Basic concept


1. Background

The IUCN/WCPA Task Force on Cultural and Spiritual Values of Protected Areas (CSVPA)[1] has shown keen interest and has done considerable work on sacred natural sites.

At present, a GEF project is being developed on "Conservation of Biodiversity Rich Sacred Natural Sites of Indigenous and Traditional Peoples" by IUCN and the Rigoberta Menchú Tum Foundation (FRMT). Although global in scope, it focuses on Ecuador, Mexico and Peru in Latin America and on Guinea-Bissau and Kenya in Africa.

An idea came up to initiate within CSVPA a parallel and complementary action on sacred natural sites in developed countries. It followed an exchange of views[2] on the significance of these sites in the developed world, held in July 2003[3]. This action would not be limited to Europe, but would encompass developed countries in other parts of the world (such as Australia, Canada, Japan, New Zealand and the United States). In fact, developed countries that still maintain indigenous populations would be of particular interest, as they might provide a bridge between the two initiatives.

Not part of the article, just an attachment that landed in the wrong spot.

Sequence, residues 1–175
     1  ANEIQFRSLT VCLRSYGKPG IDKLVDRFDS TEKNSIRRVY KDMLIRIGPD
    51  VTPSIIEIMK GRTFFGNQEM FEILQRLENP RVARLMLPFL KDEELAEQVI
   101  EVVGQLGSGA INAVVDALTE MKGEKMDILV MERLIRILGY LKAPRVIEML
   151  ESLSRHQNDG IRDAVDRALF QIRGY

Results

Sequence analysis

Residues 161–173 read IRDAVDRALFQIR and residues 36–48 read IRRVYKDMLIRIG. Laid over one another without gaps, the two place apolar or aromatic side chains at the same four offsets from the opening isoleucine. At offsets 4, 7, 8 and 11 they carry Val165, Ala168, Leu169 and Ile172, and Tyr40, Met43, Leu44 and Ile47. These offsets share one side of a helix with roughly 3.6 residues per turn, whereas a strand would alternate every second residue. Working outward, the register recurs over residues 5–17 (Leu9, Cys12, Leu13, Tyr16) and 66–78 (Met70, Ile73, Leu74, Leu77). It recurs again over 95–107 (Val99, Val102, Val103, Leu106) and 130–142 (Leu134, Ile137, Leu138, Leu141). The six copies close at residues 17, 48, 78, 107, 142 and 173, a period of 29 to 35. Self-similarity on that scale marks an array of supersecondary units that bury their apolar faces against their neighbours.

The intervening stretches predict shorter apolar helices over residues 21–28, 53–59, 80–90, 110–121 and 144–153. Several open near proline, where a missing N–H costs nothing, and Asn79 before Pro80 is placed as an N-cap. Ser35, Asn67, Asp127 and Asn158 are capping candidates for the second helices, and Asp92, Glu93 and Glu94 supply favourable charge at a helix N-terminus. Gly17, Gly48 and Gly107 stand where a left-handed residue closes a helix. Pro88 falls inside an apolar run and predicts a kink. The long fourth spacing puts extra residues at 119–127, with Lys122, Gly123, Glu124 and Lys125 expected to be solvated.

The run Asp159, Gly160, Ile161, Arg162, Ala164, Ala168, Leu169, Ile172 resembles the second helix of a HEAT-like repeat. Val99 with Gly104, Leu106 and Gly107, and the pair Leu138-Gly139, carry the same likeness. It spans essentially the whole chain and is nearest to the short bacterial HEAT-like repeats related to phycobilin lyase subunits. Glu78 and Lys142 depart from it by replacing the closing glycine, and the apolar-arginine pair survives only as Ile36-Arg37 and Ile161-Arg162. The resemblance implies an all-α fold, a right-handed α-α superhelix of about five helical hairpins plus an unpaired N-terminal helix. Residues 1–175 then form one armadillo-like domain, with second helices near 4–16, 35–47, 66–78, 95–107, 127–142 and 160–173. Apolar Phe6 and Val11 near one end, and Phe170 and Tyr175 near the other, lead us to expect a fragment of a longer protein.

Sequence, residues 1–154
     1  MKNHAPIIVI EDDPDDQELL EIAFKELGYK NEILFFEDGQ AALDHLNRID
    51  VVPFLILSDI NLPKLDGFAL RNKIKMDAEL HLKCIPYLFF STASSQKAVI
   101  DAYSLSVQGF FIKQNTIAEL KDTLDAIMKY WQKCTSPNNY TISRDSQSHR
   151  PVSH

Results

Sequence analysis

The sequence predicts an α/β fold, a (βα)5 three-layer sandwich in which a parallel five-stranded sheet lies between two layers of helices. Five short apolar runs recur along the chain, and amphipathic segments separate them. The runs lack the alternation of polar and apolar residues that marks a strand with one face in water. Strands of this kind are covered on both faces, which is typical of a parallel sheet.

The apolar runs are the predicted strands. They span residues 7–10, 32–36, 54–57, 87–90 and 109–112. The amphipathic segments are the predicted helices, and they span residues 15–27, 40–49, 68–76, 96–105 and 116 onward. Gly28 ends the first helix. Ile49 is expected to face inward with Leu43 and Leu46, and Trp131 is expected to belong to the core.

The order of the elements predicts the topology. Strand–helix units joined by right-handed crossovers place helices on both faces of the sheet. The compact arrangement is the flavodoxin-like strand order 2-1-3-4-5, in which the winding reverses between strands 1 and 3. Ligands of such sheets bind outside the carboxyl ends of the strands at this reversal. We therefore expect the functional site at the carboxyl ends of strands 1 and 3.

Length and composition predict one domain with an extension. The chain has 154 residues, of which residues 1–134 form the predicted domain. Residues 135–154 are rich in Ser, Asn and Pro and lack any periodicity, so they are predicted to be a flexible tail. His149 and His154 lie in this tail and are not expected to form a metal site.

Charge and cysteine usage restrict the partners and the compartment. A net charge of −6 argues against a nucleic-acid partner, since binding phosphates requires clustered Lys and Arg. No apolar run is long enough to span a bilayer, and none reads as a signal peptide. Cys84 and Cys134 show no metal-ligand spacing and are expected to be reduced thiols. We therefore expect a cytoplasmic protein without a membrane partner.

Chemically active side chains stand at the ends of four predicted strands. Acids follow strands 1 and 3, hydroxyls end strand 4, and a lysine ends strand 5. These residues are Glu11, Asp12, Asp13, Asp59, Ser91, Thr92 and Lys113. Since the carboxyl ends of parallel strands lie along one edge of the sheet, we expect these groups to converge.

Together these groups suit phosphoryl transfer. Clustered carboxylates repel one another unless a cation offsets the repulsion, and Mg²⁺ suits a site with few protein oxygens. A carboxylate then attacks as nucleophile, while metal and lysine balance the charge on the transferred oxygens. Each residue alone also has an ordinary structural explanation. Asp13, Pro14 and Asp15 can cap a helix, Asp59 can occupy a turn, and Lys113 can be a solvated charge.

The concept was circulated among the members of the Task Force in early June 2004 and met with moderate interest. Allen D. Putney, Leader of CSVPA, asked Thymio Papayannis, member of CSVPA and director of Med-INA[4], to co-ordinate this action, and the current paper is a first step in this direction. The first draft of a concept note for the initiative was circulated in early September 2004. On the basis of comments received from Edmund G. Barrow, Josep María Mallarach, Gonzalo Oviedo, Gloria Pungetti, Allen D. Putney and Rob Wild, this concept note has been revised and a second draft prepared.